Domino's Pizza has spent £7 million stockpiling toppings and tomato sauce to prepare for a no-deal Brexit

Irene Jiang / Business Insider
  • Domino’s Pizza has spent £7 million stockpiling toppings and tomato sauce to prepare for a no-deal Brexit.
  • The company is preparing for possible disruption food supplies or food prices rising sharply.
  • Boris Johnson’s government is committed to leaving the EU on October 31 with or without a deal.
  • ‘A potential no-deal Brexit carries the increased risk of disruption to raw material supplies into the UK and foreign exchange volatility which could increase food costs,’ said the pizza giant.
  • The UK’s food supply would face ‘unprecedented’ levels of disruption in the aftermath of a no-deal Brexit, a food policy academic warned yesterday.

Domino’s Pizza has spent £7 million stockpiling ingredients including tomato sauce and toppings in case a no-deal Brexit disrupts food supplies and makes ingredients more expensive.

The pizza giant, originally a US firm, said on Tuesday the risks relating to “interruption of raw material supplies” had increased since the original Brexit deadline in March, adding: “A potential ‘no deal’ Brexit carries the increased risk of disruption to raw material supplies into the UK and foreign exchange volatility which could increase food costs.”

Boris Johnson’s government has repeatedly said the United Kingdom will leave the European Union in the autumn with or without a withdrawal deal.

Reports today suggested the new prime minister would even ignore a vote by parliament to collapse his government in order to push through a no-deal exit by October 31, the scheduled exit date, before calling a general election.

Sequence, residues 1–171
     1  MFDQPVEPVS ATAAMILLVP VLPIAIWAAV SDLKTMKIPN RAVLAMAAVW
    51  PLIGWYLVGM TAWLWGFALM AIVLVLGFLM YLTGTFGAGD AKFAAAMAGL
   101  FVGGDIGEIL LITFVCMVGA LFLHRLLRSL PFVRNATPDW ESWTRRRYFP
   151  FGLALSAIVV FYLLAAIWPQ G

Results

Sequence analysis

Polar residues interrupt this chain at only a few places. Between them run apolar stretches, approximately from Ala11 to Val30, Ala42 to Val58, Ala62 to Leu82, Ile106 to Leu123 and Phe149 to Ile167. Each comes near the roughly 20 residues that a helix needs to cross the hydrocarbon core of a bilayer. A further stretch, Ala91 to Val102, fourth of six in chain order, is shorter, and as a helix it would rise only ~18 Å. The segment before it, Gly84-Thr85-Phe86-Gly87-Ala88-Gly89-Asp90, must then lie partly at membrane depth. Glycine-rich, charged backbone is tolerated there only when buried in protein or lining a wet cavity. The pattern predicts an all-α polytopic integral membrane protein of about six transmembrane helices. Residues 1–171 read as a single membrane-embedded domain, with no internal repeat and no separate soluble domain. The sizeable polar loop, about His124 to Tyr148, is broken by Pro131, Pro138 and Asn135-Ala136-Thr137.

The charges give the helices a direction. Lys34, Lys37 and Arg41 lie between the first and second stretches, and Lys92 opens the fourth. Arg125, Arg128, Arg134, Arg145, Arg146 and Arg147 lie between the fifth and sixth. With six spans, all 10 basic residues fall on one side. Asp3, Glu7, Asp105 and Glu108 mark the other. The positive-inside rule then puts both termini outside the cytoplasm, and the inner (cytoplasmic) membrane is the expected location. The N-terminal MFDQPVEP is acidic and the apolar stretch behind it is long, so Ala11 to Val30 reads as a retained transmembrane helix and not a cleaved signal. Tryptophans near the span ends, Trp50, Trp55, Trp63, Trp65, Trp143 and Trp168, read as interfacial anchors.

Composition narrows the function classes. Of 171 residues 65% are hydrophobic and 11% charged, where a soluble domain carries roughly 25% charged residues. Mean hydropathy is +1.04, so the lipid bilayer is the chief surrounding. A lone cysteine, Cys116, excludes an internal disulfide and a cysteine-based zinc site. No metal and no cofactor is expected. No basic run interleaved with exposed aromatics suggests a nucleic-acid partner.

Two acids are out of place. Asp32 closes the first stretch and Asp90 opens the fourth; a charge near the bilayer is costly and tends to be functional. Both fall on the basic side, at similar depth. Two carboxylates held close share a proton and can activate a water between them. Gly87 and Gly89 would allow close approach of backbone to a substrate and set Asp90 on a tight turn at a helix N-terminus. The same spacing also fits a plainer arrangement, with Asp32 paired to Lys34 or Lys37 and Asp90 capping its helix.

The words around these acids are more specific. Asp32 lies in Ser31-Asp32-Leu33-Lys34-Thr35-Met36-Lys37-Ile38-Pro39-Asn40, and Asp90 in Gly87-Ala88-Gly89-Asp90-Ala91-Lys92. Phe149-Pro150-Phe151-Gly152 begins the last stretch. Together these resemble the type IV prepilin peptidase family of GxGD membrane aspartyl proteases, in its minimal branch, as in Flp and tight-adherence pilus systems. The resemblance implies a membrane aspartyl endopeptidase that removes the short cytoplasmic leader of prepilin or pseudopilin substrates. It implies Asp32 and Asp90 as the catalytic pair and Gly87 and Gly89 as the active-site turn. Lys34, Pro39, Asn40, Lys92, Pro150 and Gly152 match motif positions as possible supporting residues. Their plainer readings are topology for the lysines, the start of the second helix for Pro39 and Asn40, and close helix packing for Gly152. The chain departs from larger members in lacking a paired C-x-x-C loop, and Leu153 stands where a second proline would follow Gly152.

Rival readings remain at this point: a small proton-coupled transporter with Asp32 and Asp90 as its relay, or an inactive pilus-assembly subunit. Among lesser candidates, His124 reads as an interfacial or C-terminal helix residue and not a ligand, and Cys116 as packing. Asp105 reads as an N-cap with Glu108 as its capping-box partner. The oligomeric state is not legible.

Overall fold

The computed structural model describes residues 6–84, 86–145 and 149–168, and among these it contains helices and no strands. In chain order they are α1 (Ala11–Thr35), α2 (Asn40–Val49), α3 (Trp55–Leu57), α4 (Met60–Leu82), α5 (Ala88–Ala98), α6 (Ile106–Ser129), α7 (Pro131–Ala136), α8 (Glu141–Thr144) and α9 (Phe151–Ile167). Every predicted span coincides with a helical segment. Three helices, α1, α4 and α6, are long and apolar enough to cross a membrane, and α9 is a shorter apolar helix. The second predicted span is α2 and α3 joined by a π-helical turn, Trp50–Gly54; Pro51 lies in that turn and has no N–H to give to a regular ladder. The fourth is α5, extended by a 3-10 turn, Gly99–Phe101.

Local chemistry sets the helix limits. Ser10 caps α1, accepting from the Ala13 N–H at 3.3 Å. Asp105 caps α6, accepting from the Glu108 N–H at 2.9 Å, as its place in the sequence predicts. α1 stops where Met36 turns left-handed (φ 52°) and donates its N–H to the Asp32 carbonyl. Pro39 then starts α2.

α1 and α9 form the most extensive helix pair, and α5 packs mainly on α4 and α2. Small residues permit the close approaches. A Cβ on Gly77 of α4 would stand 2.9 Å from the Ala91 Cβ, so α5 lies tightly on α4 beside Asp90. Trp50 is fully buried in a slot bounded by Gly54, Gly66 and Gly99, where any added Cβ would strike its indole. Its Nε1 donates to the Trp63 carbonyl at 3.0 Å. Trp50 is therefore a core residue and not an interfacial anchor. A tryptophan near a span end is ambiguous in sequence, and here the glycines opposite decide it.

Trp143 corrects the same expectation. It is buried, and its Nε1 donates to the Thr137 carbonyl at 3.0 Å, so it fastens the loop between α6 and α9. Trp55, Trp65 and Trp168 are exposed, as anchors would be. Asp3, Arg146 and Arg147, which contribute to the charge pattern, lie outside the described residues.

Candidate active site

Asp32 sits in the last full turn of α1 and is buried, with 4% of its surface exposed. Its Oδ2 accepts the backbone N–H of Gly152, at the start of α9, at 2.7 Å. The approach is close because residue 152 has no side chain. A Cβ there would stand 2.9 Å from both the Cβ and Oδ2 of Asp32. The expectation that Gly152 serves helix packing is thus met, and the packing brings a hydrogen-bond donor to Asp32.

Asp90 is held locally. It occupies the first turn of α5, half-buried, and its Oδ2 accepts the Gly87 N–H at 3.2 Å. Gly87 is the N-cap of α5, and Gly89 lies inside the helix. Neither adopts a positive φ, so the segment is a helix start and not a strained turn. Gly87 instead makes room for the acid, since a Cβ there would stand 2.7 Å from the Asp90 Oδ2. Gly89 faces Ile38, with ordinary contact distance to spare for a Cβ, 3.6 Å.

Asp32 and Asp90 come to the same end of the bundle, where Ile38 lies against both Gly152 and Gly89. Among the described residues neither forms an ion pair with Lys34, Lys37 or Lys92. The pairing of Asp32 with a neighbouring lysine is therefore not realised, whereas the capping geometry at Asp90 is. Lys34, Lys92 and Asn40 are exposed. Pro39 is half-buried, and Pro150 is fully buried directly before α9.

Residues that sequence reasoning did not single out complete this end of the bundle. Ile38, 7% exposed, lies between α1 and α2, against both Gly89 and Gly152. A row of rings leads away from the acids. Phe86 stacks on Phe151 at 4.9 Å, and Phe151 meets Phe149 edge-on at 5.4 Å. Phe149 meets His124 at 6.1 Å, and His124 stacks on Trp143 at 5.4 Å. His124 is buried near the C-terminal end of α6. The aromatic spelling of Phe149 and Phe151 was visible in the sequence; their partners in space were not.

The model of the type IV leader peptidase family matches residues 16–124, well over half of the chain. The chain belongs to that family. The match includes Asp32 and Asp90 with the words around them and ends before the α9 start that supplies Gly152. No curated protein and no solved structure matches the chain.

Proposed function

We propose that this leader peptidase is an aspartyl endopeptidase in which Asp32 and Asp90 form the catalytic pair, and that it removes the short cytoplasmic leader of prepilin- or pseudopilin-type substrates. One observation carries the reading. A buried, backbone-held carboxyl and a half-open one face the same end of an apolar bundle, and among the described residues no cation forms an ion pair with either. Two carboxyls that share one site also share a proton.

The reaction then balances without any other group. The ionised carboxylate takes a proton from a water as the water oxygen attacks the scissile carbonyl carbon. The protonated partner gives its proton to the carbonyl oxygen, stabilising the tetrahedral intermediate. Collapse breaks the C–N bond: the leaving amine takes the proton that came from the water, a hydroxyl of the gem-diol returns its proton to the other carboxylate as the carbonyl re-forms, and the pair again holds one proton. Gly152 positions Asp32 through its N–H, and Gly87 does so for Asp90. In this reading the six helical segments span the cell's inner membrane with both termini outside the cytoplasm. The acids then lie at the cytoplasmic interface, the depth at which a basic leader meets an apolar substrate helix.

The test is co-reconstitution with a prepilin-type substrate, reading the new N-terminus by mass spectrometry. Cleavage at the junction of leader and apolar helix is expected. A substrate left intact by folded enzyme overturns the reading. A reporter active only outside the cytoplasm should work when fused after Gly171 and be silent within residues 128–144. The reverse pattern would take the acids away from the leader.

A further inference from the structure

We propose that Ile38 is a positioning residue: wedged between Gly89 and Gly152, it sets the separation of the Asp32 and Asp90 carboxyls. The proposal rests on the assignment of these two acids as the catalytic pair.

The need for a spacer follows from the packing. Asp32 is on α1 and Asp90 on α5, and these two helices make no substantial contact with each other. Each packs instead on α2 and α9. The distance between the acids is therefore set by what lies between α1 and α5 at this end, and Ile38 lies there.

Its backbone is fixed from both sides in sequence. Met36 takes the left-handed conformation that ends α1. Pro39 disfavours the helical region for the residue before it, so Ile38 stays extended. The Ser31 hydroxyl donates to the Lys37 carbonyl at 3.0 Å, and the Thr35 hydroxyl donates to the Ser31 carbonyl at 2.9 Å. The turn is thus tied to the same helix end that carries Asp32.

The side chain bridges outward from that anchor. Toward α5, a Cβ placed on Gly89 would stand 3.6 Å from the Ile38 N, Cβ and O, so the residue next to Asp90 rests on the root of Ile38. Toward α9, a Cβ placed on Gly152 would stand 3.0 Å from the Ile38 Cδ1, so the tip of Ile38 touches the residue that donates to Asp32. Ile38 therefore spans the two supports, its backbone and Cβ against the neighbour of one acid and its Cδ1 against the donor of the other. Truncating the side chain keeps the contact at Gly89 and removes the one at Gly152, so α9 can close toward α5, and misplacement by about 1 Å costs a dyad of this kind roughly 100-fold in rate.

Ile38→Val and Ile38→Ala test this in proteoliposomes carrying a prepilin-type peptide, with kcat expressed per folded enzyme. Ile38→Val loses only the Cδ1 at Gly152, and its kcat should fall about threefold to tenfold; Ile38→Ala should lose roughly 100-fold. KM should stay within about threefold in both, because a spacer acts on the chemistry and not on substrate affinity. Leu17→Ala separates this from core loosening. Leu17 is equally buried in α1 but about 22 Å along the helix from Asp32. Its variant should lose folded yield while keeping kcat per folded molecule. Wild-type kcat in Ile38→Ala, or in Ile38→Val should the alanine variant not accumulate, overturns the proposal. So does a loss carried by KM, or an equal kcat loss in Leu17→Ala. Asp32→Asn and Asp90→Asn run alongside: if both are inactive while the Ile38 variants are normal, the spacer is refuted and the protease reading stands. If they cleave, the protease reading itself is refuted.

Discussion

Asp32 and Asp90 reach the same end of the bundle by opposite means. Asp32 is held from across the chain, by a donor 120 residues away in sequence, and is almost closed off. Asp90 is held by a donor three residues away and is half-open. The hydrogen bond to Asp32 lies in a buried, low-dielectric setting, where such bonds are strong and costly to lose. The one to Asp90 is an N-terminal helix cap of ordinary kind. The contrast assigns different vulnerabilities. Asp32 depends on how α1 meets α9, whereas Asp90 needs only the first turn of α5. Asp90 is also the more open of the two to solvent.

Domino’s buys flour and cheese in the UK, meaning the supply of those materials would not be disrupted in a no-deal outcome.

However, a no-deal Brexit would disrupt the movement of ingredients it imports from the EU. The firm has stockpiled tomato sauce it gets from Portugal, as well as frozen chicken and other long-life products such as tuna and pineapple, the Guardian reported.

Read more: Boris Johnson has a £500 million plan to buy slaughtered lambs in event of no-deal Brexit as farmers warn of ‘civil unrest’

Read more: Almost half of Brits are stockpiling food, medicine and clothes as UK heads for no deal

The Food & Drink Federation has warned that certain foods would quickly run out if the UK leaves the EU without a deal on October 31.

“A no-deal exit from the EU would be disastrous for the UK’s food and drink industry,” the organisation told Business Insider last month.

“Within weeks it is likely that shoppers would notice significant and adverse changes to the products available and random, selective shortages. Limited shelf life products would face the most immediate risk.”

Boris Johnson food marketOli Scarff/Getty Images

The UK’s food supply would face “unprecedented” levels of disruption in the aftermath of a no-deal Brexit, food policy academic Tim Lang warned on Monday, adding that the UK would face an acute shortage of fresh fruit and vegetables.

Writing in The Lancet, a medical journal, Lang said the UK faced food shortages which would hit poorer households the hardest and accused Johnson’s government of being secretive about the true extent of the problem in order to prevent consumers from panic-buying.

He claimed the public had been kept “largely in the dark” about the government’s view on the gravity of the situation and said the government should arrange a full-scale public information campaign about the issue.

“Low-income groups in the UK would disproportionately be affected by the impacts of a no-deal Brexit on food prices and availability,” he wrote.

“The main food bank organisers have informed the UK government that their local groups do not have enough food, volunteer support, and storage capacity to deal with any uplift of need.

“At what point will the public be engaged and informed to help prepare for a no-deal Brexit? And is public health at the heart of planning?”

His warning echoed that of Bank of England governor Mark Carney, who told the BBC: “The challenge is, particularly in food, it’s perishable, so you can’t stockpile today for demand in November.”

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